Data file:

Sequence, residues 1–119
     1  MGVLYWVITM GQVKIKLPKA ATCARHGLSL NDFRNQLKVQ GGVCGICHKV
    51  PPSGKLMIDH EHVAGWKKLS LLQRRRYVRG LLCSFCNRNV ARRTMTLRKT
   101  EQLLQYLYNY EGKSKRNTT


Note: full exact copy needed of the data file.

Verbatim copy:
Sequence, residues 1–119
     1  MGVLYWVITM GQVKIKLPKA ATCARHGLSL NDFRNQLKVQ GGVCGICHKV
    51  PPSGKLMIDH EHVAGWKKLS LLQRRRYVRG LLCSFCNRNV ARRTMTLRKT
   101  EQLLQYLYNY EGKSKRNTT